5)  You support a free press.  Check.

Therefore you must support Israel, where an opposition thrives in the media.  Has she read Haaretz?

You could go on and on and on, ad nauseum, but the truth is supporting Israel is consistent with liberalism.  Not support Israel is consistent with totalitarianism.

I invite the activists out there, the ones on the flotilla and the ones boarding planes this week and the ones with blogs and the ones writing columns in newspapers, i invite you to diversify your interests, so to speak. Consider all the victims and violators in the region.

Ask yourself a really hard question: Why is it that I am so focused on Israel?

Opinion

I have a big personality flaw.

I do not like the heat, but I can’t stay out of the kitchen.

Meaning, I have a strong opinion. And I like to share that opinion with others. But then I get all bent out of shape when I have to defend my self-publicized opinion. My brand of bent out of shape usually looks like me whining to my husband (“That’s it! I am done with blogging!”) or, if involved in an in-person debate,  looks like me blubbering.

I’m one those people who cannot argue without crying.

It’s genetic.

Since moving to Israel, I’ve intentionally steered clear of political conversations. Especially since I’m such a cry-baby and, come on, I’m trying to make friends, here!

The very few heated conversations I’ve accidentally found myself a part of have reminded me that I’m a little unpracticed in debate. Moreso, I’m not as schooled as I used to be in “the situation” here. I’m trying to recall data I learned in 1995 and quoting OpEd columnists now dead or retired.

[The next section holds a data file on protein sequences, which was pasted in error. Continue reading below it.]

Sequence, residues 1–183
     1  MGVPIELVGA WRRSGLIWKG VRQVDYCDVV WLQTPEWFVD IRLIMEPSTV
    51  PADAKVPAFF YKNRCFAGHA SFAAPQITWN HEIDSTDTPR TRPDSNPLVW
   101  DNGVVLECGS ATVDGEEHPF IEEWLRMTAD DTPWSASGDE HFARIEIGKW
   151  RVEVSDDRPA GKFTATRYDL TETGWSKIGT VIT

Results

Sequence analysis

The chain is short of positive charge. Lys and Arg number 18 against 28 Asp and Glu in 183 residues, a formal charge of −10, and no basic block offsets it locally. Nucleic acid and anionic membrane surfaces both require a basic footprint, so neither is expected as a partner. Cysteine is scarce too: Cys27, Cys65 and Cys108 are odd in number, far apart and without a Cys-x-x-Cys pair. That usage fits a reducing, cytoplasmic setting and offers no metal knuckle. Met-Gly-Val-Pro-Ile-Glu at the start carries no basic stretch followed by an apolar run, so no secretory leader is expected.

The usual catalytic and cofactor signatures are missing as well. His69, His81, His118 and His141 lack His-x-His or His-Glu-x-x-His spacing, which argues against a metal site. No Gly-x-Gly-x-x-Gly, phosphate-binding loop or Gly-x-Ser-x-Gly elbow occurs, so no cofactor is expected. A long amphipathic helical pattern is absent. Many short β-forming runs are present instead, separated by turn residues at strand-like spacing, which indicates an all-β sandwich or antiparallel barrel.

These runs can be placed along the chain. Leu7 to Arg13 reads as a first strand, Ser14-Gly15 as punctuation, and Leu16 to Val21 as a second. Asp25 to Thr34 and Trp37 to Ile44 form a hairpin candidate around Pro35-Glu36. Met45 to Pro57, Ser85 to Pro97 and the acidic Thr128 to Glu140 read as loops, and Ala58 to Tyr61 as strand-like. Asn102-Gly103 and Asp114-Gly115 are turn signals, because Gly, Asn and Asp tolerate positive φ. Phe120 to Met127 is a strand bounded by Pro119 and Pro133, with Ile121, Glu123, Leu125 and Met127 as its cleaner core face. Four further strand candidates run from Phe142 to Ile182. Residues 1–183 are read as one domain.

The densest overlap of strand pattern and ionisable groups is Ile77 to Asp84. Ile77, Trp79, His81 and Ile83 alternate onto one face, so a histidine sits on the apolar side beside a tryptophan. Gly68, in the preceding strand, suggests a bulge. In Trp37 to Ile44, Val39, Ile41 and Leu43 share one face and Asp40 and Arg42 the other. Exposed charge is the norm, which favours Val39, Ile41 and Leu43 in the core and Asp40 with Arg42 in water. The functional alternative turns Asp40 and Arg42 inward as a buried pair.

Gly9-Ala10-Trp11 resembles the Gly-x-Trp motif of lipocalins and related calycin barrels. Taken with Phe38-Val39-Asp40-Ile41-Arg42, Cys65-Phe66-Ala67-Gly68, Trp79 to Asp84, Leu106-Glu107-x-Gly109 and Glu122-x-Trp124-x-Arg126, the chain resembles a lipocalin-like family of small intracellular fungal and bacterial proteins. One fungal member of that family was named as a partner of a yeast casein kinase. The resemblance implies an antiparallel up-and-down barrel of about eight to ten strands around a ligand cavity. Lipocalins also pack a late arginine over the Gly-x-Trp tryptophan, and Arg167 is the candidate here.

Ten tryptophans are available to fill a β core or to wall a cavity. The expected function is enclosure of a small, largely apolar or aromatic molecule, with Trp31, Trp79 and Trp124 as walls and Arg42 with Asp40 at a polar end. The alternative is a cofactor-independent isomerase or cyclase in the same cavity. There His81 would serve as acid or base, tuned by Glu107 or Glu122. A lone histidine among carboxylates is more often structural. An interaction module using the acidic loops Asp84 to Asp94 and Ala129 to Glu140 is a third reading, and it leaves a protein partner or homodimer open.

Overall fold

Once upon a time, I was a recent college graduate with a degree in International Politics, and a concentration in Judaic Studies and the Middle East Conflict. I sported impressive internships and jobs on my resume. I read and wrote articles all the time related to American Jewry, as well as Israeli politics. Back in those days — before I had to worry about things like education, vaccination, and summer vacation  — I  could easily hold my own in a conversation about the region.

But I took a ten year hiatus from Israel…until I moved here. And now, I find myself gravitating back towards the articles I stopped reading when I traded politics for parenting.

Except, now I don’t read those articles as an academic or as a reporter or even as a student of the situation. I am full aware that I am reading these articles as an Israeli. As an American Jew living abroad. I know full well my response to these articles now is at least 75% subjective and is more emotionally-driven than intellectually.

Not to pat myself on the back or anything, but I think I am among a small group of writers on the topic of Israel who will actually admit that.

I mean, REALLY, how much of what is written about Israel is truly based on “fact?” On “truth?” On “history?”

Is it true because it’s in The Atlantic? Or written by a Village Voice editor? Is it truth when it’s in The New York Times International section? Or Newsweek? What about The Jerusalem Post? Al-Jazeera?